‘Alexander, Larry and Moore, Michael’ (Winter 2016 Edition)Consequentialism: as its name suggests, is the view that normative properties depend only on consequences. This general approach can be applied at different levels to different normative properties of different kinds of things, but the most prominent example is consequentialism about the moral rightness of acts, which holds that whether an act is morally right depends only on the consequences of that act or of something related to that act, such as the motive behind the act or a general rule requiring acts of the same kind. ‘Sinnott-Armstrong, Walter’ (Winter 2015 Edition)Consequentialism is based on two principles:Whether an act is right or wrong depends only on the results of that actThe more good consequences an act produces, the better or more right that actIt gives us this guidance when faced with a moral dilemma:A person should choose the action that maximises good consequencesAnd it gives this general guidance on how to live:People should live so as to maximise good consequencesIn practice, people don’t assess the ethical consequences of every single act (that’s called ‘act consequentialism’) because they don’t have the time.Instead, they use ethical rules that are derived from considering the general consequences of particular types of acts. That is called ‘rule consequentialism’.So, for example, according to rule consequentialism, we consider lying to be wrong because we know that in general lying produces bad consequences.Results-based ethics produces this important conclusion for ethical thinking:No type of action is inherently wrong – not even murder – it depends on the result of the act.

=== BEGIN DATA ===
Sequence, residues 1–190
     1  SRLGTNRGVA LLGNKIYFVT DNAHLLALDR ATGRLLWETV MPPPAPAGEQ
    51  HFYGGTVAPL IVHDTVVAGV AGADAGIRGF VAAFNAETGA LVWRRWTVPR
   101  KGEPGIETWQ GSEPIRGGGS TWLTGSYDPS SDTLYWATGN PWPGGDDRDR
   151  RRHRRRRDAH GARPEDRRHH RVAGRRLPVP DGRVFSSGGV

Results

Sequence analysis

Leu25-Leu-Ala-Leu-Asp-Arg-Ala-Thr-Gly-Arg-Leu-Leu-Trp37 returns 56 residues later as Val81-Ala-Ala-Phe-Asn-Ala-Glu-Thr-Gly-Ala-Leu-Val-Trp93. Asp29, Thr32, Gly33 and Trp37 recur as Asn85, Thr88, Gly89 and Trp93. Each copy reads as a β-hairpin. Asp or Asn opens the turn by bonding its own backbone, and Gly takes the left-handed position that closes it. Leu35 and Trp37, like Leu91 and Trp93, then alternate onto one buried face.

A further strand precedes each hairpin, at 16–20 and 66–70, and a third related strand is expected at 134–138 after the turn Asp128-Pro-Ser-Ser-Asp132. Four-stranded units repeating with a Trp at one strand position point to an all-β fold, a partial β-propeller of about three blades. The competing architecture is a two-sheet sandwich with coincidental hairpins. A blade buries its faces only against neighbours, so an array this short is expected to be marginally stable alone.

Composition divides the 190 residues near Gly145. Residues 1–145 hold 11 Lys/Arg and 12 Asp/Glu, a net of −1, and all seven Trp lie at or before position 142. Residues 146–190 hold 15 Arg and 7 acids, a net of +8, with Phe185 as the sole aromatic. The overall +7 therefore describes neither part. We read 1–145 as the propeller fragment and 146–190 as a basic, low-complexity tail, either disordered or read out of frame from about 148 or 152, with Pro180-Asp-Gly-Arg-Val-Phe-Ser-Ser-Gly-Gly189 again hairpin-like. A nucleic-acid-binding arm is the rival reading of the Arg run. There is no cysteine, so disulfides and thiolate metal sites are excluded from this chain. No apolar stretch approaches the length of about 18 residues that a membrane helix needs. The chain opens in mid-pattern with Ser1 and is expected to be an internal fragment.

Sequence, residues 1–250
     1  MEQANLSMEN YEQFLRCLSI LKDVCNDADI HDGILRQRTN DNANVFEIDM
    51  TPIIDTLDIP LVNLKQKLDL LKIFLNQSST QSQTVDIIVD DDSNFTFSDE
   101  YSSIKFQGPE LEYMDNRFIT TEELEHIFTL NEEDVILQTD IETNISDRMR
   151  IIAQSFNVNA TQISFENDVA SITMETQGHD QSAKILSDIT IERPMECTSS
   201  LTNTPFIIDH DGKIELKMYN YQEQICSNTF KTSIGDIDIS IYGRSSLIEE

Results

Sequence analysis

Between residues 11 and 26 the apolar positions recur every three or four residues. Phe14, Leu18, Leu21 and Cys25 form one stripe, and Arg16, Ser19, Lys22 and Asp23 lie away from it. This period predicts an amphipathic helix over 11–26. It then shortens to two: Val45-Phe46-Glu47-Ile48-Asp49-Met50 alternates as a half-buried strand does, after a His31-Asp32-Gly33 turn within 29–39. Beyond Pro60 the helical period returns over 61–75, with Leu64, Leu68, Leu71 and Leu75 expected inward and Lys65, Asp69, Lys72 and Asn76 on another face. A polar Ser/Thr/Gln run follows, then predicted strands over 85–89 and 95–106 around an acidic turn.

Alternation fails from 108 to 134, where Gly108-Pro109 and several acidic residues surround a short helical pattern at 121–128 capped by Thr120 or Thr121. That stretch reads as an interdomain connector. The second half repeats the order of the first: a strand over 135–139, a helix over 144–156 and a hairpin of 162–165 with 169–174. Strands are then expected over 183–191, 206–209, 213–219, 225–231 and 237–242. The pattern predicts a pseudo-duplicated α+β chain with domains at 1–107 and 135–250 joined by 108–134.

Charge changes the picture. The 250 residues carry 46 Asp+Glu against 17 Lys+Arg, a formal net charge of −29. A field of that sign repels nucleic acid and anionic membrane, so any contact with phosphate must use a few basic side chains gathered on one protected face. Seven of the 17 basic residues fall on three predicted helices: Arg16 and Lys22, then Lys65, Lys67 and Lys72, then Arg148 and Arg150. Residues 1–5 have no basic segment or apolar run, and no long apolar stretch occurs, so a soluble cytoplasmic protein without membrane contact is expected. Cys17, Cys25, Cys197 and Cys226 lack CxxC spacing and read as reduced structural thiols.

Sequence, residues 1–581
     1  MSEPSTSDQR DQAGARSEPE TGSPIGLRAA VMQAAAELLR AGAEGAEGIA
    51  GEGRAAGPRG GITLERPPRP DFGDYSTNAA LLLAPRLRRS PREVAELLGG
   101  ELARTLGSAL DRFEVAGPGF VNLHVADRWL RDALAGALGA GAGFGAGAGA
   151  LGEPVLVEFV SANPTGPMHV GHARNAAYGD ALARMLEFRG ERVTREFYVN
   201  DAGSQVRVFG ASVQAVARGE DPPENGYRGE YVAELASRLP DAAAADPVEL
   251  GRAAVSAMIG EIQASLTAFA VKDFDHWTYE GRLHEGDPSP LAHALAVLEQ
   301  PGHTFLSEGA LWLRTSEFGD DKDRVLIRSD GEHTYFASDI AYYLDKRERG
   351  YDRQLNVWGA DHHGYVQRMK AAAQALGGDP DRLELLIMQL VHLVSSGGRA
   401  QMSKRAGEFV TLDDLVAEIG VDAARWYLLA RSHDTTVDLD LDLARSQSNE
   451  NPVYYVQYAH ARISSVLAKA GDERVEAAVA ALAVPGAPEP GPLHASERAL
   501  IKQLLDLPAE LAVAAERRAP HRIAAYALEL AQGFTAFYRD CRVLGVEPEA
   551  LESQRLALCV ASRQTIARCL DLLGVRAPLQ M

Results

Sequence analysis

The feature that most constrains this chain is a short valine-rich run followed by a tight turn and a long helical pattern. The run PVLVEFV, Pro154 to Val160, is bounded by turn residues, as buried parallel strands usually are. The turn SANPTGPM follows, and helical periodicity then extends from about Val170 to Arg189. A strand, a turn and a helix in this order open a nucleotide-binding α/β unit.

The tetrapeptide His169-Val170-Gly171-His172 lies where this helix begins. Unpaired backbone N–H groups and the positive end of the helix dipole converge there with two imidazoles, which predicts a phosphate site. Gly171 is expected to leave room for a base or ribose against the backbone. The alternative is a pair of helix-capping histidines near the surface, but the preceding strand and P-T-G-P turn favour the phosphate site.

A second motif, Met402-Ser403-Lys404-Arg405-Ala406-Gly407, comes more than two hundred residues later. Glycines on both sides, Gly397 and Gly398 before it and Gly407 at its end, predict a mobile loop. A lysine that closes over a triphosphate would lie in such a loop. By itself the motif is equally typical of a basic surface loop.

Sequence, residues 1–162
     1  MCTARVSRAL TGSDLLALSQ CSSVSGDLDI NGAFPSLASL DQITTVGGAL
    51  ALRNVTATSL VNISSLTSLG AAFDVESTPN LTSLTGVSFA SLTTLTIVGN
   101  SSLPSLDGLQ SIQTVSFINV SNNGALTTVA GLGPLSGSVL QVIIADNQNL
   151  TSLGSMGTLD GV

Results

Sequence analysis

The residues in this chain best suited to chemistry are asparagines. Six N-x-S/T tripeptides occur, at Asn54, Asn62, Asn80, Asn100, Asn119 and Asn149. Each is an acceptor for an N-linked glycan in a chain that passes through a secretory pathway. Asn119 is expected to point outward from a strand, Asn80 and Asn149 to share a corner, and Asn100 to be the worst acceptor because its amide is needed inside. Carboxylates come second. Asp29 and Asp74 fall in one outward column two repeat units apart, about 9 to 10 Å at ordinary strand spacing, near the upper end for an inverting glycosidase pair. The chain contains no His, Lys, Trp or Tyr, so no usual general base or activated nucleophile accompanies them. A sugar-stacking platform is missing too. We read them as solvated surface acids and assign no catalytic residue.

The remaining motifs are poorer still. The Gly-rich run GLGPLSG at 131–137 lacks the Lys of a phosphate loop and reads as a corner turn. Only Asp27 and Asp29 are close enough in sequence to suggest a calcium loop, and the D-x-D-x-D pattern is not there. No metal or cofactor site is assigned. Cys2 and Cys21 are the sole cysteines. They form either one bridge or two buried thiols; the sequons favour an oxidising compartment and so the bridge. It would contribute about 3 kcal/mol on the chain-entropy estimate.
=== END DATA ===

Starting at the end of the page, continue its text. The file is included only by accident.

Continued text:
‘About consequentialism’Consequences of Alcohol:Drinking too much – on a single occasion or over time – can take a serious toll on your health. Here’s how alcohol can affect your body.Brain: Alcohol interferes with the brain’s communication pathways, and can affect the way the brain looks and works. These disruptions can change mood and behavior, and make it harder to think clearly and move with coordination. Heart: Drinking a lot over a long time or too much on a single occasion can damage the heart, causing problems.Liver: Heavy drinking takes a toll on the liver, and can lead to a variety of problems and liver inflammations.Cancer: Drinking too much alcohol can increase your risk of developing certain cancers, including cancers.
‘Alcohol’s Effects on the Body’Conclusion: Consuming alcohal is not good by both deontological and cosequensalist point of view, casue consequnces of alcohal affects the human body as well s/he violets the peacefull environment by his/her voice as its cosequences affects both society and especially that person who is consuming, and by deontological perspective if we see consumption of alcohal in this contemporary society is still not seen as a good manner and not preferable, but everyone has their own rights to live life accordingly so they are allowed to consume alcohal in private places not publicly, in Newzeland a group of liqour consumers has made a sand island far from beach to be the out of the boundary from liqor banned area. Most domestic violence has an alcohol component. The notion that a little bit of alcohol is good for you, is little more than a popular myth promoted by the alcoholism industry. Even if it were true, how many drinkers do you know who can limit their consumption to one ounce or less per day?Bibliography:Alexander, Larry and Moore, Michael, “Deontological Ethics”, The Stanford Encyclopedia of Philosophy (Winter 2016 Edition), Edward N. Zalta (ed.), Sinnott-Armstrong, Walter, “Consequentialism”, The Stanford Encyclopedia of Philosophy (Winter 2015 Edition), Edward N. Zalta (ed.),